Closer to home, Brewster, Ohio-based Shearer’s Foods’ new Kettle-Cooked, extra crunchy potato chips come in a standard Original flavor, as well as Hot Pepper Trio that delivers a medley of spicy heat and rich peppers, and a Sweet Barbeque variety that combines indulgent notes of brown sugar and molasses with a tangy, tomato base and a slightly smoky overtone.
Not to be outdone, Kettle Foods, Inc. continues to expand its Kettle Brand line by rolling out its Sweet Onion chips made with simmering onions and crispy real potatoes while its more conventional Sea Salt & Vinegar variety contains a splash of tangy vinegar with a sprinkle of sea salt. Both products carry on the “Natural Promise” claim, which means they’re made with all-natural seasonings and contain no trans fat, MSG, artificial colors, flavors or preservatives and are made with all-natural seasonings.
In March, Kettle Foods will release a Jalapeño variety in 2-oz., grab-and-go bags, says Julie Dunmire, brand director for the Salem, Ore.-based company. The new product will add a bit of spice to the comapny’s most popular varieties.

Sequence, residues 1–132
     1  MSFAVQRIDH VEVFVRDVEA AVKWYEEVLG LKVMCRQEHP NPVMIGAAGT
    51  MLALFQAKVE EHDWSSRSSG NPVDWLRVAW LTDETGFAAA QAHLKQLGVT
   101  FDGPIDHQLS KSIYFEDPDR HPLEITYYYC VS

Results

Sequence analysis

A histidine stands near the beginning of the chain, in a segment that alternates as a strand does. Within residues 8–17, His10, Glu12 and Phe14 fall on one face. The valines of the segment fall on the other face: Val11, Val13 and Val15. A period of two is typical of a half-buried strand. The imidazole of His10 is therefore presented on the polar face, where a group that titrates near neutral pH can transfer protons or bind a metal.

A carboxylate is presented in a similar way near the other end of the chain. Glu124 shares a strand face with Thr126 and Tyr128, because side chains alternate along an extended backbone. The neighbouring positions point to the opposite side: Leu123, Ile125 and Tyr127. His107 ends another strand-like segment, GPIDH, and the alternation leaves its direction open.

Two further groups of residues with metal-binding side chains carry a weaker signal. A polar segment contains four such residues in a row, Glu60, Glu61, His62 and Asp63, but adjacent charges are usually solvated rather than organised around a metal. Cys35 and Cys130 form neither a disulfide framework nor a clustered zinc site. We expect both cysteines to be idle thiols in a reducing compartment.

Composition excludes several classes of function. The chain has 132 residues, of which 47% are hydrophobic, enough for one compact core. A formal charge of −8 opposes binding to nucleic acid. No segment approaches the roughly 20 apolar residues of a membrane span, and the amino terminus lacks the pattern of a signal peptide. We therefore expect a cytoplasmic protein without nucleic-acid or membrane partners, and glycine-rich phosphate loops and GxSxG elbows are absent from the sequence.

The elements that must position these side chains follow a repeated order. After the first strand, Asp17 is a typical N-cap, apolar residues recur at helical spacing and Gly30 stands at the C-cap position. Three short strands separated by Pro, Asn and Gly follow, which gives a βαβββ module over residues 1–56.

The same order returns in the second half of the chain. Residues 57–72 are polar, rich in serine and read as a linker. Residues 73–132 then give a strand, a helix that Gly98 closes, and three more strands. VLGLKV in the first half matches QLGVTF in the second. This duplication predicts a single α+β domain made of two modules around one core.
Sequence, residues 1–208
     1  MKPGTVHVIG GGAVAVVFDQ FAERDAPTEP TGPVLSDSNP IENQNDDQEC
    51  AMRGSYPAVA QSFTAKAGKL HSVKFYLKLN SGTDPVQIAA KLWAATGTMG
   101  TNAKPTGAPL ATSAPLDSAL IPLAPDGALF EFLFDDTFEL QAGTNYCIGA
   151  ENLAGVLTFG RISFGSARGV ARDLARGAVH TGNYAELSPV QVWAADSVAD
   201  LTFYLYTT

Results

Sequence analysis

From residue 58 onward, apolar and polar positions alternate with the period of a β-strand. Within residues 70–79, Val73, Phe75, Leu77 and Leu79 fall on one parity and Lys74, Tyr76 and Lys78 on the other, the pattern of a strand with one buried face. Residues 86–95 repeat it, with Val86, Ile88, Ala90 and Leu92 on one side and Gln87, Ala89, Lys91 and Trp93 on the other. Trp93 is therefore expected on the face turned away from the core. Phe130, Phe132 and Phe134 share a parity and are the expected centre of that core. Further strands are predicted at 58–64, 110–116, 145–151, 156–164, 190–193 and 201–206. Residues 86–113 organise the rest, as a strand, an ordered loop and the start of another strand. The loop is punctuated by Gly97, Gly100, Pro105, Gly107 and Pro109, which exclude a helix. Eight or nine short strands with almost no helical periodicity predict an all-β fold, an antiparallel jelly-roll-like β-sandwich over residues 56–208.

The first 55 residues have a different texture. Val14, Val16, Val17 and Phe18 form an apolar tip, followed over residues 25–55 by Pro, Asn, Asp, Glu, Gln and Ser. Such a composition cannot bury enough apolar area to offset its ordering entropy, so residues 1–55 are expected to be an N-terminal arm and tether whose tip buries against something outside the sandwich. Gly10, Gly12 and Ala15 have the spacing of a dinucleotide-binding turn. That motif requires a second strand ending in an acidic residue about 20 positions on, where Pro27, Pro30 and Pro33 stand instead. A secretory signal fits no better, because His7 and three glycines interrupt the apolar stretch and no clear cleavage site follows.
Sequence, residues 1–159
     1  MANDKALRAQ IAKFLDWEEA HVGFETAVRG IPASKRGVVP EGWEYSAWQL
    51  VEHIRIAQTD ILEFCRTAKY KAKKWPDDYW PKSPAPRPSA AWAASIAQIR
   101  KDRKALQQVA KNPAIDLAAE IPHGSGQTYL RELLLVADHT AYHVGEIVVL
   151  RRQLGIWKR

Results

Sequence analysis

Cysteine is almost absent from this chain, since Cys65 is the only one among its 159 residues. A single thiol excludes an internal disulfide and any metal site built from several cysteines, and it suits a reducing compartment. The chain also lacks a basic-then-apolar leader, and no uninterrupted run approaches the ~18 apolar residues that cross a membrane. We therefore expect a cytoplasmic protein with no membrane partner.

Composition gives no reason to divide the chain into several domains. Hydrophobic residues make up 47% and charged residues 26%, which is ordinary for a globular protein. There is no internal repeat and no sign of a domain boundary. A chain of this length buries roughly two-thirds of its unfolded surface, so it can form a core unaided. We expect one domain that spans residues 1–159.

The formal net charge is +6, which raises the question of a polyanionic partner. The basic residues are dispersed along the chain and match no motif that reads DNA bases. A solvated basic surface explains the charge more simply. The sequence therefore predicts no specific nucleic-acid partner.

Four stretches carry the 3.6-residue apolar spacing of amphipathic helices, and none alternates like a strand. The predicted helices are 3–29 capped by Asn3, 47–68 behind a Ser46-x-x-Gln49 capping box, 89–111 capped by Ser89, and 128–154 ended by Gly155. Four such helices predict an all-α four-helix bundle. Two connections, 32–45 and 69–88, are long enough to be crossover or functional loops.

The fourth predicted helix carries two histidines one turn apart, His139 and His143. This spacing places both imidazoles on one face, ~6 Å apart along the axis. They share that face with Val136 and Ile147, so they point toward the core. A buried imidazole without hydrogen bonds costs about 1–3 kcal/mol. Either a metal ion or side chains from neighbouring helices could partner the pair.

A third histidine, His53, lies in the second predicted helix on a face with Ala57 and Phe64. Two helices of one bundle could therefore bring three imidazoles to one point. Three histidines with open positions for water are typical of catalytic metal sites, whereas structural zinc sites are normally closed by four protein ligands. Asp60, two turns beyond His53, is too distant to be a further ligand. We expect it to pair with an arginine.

“In times like these when consumers seek out comfort foods, perennial favorites are sought after,” she says.
Taking on New Shapes
While Americans love potato chips, the tortilla chip category also has continued to flourish with the release of better-for-you, whole grain chips.
For instance, Los Angeles-based Corazonas Foods, Inc. introduced in October, Whole Grain Tortilla Chips in Lightly Salted and Squeeze of Lime flavors. These reduced-sodium chips provide other key health benefits such as 18 g. of whole grains and 3 g. of fiber per serving. They’re also made with heart-healthy, high-oleic canola oil.
“Better-for-you snack foods are experiencing strong growth in the category,” says Matt Buckley, executive vice president of sales. “We anticipate the new Whole Grain Tortilla Chips to quickly become one of our top-selling products as it delivers against the consumer’s desire for healthier whole grain, gluten-free snacking options.”